World-Class Sleaze Barry Minkow Guilty Again


SAN DIEGO (CN) - Barry Minkow, carpet-cleaning fraudster turned convict turned pastor and "fraud investigator" pleaded guilty Thursday to defrauding a Baptist church and its congregation of more than $3 million, the U.S. attorney said.
     Minkow pleaded guilty to "a litany of improper conduct, including opening unauthorized bank accounts on behalf of the SDCBC [San Diego Community Bible Church], forging signatures on SDCBC checks, using funds drawn on legitimate church accounts for his personal benefit, and charging unauthorized personal expenses on church credit cards," the U.S. Attorney's Office said in a statement announcing Minkow's guilty plea.
     "In addition, Minkow confessed to diverting SDCBC member donations for his own benefit and embezzling money intended as church donations. In all, Minkow admitted purloining - and concealing from the IRS - at least $3 million from SDCBC's parishioners and lenders. As described in court documents, Minkow's conduct continued for over a decade."
     Minkow embezzled the $3 million "intended as church donations, while employed as a pastor, and concealing it all from the IRS," the Internal Revenue Service in charge of the Los Angeles Field Office said in the statement.
     Minkow faces up to 5 years in federal prison, a $250,000 fine and restitution, at his April 7 sentencing.
     He's already in prison.
     Twenty-five years ago, he Minkow was convicted of defrauding banks and investors of millions of dollars in a Ponzi scheme he called ZZZZ Best carpet cleaning. He was sentenced to 25 years in prison.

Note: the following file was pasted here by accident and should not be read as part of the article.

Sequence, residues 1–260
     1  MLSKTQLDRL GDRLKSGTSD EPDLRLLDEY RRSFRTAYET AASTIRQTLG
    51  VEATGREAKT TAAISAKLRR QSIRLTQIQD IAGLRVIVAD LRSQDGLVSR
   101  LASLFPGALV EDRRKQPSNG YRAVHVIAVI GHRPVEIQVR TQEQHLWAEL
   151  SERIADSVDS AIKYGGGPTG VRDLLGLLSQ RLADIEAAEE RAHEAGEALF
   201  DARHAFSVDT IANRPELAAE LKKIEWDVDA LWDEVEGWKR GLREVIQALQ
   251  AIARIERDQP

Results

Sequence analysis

Had he served it all, he would be getting out of prison now. But in the slammer Minkow "became involved in the Christian ministry," the U.S. attorney said. He was cut loose in 1995 and went to work as a "pastor" in the Los Angeles area.
     In 1997, he funded the "Fraud Discovery Institute" - a profit-seeking enterprise. His work as a "fraud detection expert" got him an admiring feature on "60 Minutes" in 2006.
     In his status as an expert, Minkow issued a "report" accusing Lennar homebuilders of fraud in 2009. Lennar's share price dropped by 43 percent - from $11.57 t0 $6.55. But Minkow used his "report" as a tool to short the stock, and was charged with securities fraud. He pleaded guilty to conspiring to manipulate Lennar's share price and was sentenced to 5 years in prison and ordered to pay Lennar $585.5 million in restitution. He is serving that sentence in Lexington, Ky.